MPs are calling on the immigration service to improve its screening of gay and Christian convert asylum seekers to make sure that no-one is sent back to their country of origin if they could face persecution.
The four coalition parties will submit a motion calling for better checks during Wednesday’s debate on the justice ministry budget, broadcaster NOS said.
Questions about sexuality and conversion to Christianity are difficult ones to pose, D66 MP Martin Groothuizen said.
‘You don’t want to give people who are abusing the issue a residency permit but we also want to stop people who are gay and who won’t be safe in their country of origin being sent back home,’ he said. ‘This is why the processes need to be more careful.’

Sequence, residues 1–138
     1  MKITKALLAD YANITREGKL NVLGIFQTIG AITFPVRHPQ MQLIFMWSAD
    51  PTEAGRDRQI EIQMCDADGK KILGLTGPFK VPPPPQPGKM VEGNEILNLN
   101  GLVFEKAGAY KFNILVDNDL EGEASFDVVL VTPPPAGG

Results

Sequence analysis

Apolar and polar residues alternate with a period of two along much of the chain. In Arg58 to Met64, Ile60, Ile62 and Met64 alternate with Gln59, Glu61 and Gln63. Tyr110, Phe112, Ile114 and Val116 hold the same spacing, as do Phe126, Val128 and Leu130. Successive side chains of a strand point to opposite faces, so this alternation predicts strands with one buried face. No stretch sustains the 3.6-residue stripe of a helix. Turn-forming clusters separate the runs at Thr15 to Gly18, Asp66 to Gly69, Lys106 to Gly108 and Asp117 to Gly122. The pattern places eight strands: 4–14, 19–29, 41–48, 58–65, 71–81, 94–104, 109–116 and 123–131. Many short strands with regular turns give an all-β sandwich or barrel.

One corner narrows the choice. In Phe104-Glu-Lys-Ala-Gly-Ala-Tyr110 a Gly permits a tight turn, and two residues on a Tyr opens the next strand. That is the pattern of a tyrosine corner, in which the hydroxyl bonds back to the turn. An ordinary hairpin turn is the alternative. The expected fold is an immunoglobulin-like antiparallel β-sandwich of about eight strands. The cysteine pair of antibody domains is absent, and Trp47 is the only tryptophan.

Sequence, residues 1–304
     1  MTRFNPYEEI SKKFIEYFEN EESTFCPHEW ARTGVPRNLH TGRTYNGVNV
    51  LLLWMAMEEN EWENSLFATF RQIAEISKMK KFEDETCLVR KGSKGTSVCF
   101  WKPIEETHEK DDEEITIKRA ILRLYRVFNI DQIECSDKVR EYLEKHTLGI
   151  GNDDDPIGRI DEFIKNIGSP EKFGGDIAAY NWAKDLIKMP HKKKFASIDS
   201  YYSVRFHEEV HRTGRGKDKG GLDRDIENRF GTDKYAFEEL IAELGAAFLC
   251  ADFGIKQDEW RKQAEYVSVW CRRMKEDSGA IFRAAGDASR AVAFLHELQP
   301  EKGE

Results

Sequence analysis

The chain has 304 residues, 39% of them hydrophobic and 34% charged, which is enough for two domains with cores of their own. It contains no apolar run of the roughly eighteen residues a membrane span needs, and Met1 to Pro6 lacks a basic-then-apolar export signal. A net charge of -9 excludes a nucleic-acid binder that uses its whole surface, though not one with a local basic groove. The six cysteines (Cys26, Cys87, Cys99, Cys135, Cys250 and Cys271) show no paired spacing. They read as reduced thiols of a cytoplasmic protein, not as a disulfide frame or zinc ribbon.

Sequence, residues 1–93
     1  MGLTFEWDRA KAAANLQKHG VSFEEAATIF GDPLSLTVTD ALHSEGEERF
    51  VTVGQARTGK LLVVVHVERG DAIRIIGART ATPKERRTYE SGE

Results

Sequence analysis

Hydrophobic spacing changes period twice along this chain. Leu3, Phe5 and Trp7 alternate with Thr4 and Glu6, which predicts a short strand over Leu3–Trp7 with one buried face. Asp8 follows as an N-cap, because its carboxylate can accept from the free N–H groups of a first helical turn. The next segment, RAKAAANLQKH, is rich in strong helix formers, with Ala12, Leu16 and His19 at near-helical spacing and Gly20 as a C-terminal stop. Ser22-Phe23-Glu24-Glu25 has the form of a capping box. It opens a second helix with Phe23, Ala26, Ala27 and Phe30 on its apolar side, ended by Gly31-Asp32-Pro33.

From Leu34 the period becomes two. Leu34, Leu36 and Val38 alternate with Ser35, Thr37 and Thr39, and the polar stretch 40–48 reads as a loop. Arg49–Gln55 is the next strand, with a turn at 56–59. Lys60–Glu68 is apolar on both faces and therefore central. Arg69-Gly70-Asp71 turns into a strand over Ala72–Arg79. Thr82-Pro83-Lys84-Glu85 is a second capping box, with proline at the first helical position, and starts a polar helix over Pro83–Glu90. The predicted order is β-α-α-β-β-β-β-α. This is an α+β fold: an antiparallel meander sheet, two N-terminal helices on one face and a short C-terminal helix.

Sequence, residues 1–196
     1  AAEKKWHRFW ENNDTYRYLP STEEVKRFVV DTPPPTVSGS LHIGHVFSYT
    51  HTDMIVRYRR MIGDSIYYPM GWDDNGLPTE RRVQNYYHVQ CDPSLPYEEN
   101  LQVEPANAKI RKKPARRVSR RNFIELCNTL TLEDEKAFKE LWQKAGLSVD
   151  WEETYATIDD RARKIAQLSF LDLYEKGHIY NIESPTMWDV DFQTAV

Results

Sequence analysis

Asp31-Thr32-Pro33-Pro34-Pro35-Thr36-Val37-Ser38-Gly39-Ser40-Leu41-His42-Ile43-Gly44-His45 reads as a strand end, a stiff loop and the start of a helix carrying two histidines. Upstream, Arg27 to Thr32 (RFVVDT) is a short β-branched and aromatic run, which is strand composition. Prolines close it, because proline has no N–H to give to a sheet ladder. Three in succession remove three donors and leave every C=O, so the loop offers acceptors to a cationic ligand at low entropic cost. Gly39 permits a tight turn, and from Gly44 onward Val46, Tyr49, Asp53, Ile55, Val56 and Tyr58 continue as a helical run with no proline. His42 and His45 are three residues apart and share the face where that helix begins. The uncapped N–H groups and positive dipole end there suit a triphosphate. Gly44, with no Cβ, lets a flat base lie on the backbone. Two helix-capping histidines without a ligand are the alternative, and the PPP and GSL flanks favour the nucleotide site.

Currently, the focus of immigration service questioning focuses on how a refugee became aware he or she is gay. ‘Sometimes people are asked what day they became gay on,’ Groothuizen said. ‘But you don’t become gay in one day, especially not in a country where you won’t be accepted.
This June a gay Iraqi refugee was been given temporary leave to stay in the Netherlands after judges in The Hague said officials were wrong to say he was ‘not gay enough’.
The 26-year-old fled Iraq in 2015 and claimed to have been abused by his uncle and his uncles friends since he was 12. But the then junior justice minister Klaas Dijkhof refused to give him a refugee permit, saying he had not sufficiently proved that he was homosexual.